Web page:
Excerpt: How to Build a New Civic Infrastructure, by Ben Hecht

Illustration of connected city

“Five years ago, the Harvard Graduate School of Design’s Just City Lab published The Just City Essays: 26 Visions of Inclusion, Equity and Opportunity. The questions it posed were deceptively simple: What would a just city look like? And what could be the strategies to get there? These questions were posed to mayors, architects, artists, philanthropists, educators and journalists in 22 cities, who told stories of global injustice and their dreams for reparative and restorative justice in the city.

Front cover for "The Just City Essays" volume one which shows a drawing of a cityscape with people walking outsideThese essays were meant as a provocation, a call to action. Now, during these times of dissonance, unrest, and uncertainty, their contents have become ever more important. For the next 26 weeks [starting June 15, 2020], the GSD and the Just City Lab will republish one essay a week here and at We hope they may continue conversations of our shared responsibility for the just city.

We believe design can repair injustice. We believe design must restore justice, especially that produced by its own hand. We believe in justice for Black Americans. We believe in justice for all marginalized people. We believe in a Just City.”

Toni L. Griffin, Professor in Practice of Urban Planning, founder of the Just City Lab, and editor of The Just City Essays

How to Build a New Civic Infrastructure

By Ben Hecht

In the United States of America, cities have long been gateways to opportunity. For centuries, people from all over the country and the world, including my own grandparents, came to our cities chasing the promise of a better life. America’s bargain with its citizens, rich and poor, was in many ways a model for the world.

Today, U.S. cities produce 85 percent of the nation’s GDP, are home to more than 50 percent of the population, and spend billions of dollars annually to educate, house and protect their citizens. Meanwhile, American cities are undergoing a major demographic shift. By 2040, America will be a majority-minority nation. And events in Ferguson and Baltimore have underscored the destructive nature of existing disparities of income, education and opportunity between whites and non-whites.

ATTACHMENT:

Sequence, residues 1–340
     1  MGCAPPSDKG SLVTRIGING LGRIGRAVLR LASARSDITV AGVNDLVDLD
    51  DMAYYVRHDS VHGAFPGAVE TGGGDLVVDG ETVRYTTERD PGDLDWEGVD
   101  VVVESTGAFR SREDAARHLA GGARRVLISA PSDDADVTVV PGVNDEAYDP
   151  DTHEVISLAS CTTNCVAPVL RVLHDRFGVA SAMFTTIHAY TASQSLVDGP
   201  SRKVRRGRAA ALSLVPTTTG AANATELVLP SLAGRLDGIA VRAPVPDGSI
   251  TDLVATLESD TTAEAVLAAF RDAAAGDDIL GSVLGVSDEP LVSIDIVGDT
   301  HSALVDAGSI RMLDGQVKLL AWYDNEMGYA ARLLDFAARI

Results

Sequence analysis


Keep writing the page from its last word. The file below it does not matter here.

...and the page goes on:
Addressing these disparities is one of the key social issues of our time. But our current trajectory is too slow, obsessed with short-term wins and incrementalism, where leaders are constantly reinventing the wheel instead of building on the work of those who came before them. We celebrate improvements in one school on one block while tiptoeing around the fact that it is the entire system that needs fixing. We tell heartwarming stories about 100 kids served or 100 young adults placed in good jobs while averting our eyes from the millions more who remain disconnected from opportunity. We talk about how far we have come since the civil rights movement, but are uncomfortable with discussing how far we still must go to achieve true racial equity. Unless we ferociously change course, the new American majority will be less educated, less prosperous and less free.

To build truly just cities, we need a new type of urban practice aimed at achieving dramatically better results for low-income people, faster. This new urban practice will require cities to get key public, private and philanthropic leaders to work together differently, to better harness impact investing dollars, and to leverage technology to engage all residents in solutions. Continue reading on…